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This is the question version of What is required for an answer to be 'high quality'?

(It is modeled off of What is required for a question to contain "enough information"? from Software Recommendations)

One of the problems that Hardware Recommendations has had during it's short beta period is vague and unresearched questions. These have been closed as either "Too Broad" (or a custom "Too Broad") or "Unclear what you are asking". The goal of this question is to provide a single location for future visitors to see what our standards are for questions to remain open on this site. This question is not for defining the scope, but for defining the content of the question.

What is required for a question on Hardware Recommendations to be high quality?

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A question on Hardware Recommendations has one of two goals:

  • A request for a product recommendation, OR
  • A request for information that will lead to a product decision

This means that Hardware Recommendations is not here to:

  • Provide technical support of hardware
  • Provide step-by-step instructions for Do-It-Yourself installation

There is one major exception to questions that request information:

  • General advice-type questions. These are out of scope because they don't necessarily lead to a concrete decision, and go out of date quickly.

Your question on Hardware Recommendations should:

Clearly define requirements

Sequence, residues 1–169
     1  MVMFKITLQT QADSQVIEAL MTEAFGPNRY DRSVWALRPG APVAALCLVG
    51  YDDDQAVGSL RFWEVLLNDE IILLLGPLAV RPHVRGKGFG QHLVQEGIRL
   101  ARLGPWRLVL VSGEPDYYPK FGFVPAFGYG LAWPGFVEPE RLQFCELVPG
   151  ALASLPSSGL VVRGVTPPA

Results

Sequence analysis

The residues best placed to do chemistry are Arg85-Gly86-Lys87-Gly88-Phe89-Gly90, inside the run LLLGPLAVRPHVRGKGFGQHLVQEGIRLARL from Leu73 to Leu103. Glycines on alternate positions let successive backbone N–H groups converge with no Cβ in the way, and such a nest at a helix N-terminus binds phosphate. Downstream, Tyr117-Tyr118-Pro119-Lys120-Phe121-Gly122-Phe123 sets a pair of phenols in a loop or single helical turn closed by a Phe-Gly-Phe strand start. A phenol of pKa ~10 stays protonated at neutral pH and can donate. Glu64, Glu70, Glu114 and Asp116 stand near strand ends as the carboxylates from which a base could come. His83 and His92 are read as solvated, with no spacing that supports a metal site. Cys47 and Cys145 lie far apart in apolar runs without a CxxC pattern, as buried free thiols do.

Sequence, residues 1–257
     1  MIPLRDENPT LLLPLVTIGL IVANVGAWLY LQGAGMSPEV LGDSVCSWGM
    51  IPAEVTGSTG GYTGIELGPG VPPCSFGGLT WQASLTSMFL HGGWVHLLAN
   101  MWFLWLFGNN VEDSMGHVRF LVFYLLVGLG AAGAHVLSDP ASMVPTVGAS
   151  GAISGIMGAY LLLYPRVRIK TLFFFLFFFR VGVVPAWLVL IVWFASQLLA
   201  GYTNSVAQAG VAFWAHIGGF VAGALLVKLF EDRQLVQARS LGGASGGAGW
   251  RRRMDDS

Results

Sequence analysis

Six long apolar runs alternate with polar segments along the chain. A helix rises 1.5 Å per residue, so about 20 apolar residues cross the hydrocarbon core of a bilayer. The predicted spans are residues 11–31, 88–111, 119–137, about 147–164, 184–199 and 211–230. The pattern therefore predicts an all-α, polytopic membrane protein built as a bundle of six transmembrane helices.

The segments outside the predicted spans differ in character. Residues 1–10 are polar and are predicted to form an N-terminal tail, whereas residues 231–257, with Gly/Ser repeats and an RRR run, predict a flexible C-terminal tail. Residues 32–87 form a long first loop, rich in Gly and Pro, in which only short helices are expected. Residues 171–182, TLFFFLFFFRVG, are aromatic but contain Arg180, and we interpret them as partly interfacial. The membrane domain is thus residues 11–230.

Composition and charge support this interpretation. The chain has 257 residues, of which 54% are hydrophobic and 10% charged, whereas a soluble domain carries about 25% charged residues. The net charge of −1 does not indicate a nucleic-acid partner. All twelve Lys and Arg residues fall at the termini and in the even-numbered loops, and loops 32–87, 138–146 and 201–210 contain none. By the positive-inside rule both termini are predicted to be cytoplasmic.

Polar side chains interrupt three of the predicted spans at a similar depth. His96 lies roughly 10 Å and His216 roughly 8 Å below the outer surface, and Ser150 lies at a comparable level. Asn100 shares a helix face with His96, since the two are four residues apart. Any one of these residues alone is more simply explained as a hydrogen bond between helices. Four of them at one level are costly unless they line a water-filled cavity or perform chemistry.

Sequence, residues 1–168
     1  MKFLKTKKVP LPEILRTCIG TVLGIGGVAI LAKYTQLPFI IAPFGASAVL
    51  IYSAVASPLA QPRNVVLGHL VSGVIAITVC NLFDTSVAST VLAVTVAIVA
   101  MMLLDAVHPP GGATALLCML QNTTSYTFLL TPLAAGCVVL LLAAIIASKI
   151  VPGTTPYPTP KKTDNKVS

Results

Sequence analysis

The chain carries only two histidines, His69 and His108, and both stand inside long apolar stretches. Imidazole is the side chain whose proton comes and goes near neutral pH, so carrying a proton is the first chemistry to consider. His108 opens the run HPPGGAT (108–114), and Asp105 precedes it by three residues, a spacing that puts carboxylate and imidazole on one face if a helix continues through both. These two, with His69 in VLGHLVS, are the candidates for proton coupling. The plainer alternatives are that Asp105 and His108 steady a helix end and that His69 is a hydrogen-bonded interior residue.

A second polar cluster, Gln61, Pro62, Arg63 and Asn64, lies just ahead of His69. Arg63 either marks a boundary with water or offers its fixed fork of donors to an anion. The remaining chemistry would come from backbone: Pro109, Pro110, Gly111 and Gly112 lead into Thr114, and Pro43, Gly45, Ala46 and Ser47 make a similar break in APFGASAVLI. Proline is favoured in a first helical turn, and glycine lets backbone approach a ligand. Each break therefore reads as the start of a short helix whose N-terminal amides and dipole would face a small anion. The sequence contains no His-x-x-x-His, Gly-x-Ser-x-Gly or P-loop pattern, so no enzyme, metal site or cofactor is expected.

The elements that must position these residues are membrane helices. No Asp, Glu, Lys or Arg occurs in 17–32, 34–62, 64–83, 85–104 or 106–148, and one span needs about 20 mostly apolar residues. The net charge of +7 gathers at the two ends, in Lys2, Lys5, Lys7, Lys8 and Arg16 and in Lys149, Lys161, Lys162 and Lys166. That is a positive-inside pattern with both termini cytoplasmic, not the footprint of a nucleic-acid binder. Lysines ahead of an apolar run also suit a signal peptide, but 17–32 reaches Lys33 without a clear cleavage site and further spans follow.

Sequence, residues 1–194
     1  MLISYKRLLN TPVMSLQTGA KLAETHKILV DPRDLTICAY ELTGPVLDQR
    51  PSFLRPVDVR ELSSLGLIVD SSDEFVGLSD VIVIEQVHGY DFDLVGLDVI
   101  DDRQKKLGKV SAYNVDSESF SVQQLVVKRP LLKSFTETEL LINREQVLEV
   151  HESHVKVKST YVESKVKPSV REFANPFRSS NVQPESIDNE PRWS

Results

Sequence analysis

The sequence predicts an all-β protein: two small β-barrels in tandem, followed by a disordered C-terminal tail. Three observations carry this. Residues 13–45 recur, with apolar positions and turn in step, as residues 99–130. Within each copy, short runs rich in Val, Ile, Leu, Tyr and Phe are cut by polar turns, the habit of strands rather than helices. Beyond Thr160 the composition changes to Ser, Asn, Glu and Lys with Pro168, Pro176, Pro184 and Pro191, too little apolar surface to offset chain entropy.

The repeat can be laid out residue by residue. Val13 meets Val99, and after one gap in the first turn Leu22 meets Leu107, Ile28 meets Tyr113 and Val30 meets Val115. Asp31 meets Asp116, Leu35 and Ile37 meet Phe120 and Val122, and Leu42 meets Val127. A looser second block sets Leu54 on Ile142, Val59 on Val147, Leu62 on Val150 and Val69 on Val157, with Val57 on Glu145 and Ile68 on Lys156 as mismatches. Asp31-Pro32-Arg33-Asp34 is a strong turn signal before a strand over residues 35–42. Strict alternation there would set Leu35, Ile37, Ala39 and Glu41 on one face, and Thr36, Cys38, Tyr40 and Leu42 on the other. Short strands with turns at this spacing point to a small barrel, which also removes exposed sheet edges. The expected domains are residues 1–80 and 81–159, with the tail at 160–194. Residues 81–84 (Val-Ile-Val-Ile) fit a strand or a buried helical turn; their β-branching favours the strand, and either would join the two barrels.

You are looking for a piece of hardware to do something. Define what the hardware must do and must not do. These requirements need to be objective (e.g., "must be less than $100" is good; "must be cheap" is bad).

Identify optional requirements. Not all hardware is created equal. If you would like the hardware to do something, but it isn't required, state that. These "nice-to-haves" will influence the types of recommendations that you receive.

Show previous research

Have you already performed a search for hardware that meets your requirements? What did you find or not find?

If you've already searched but you don't share the results of that search, it's probable you'll receive recommendations for hardware you've already rejected. This wastes your time and ours. By sharing your previous searches and reasons why the resulting products of those searches don't work, you allow us to provide more relevant recommendations to solve your problem.

Provide relevant details in the question

When you are providing information about your existing device, that information should be in the question. It should not be behind a link that shows specifications. Having this information in the question is important, because it allows the information to be easily accessible to others even if the link stops working.

Include a good title

The title should briefly summarize your goal in a few words and mention only one or two of the most important requirements (e.g., "25-inch monitor under $150")

See How do I write a good title? for tips on writing an effective title.

Make use of tags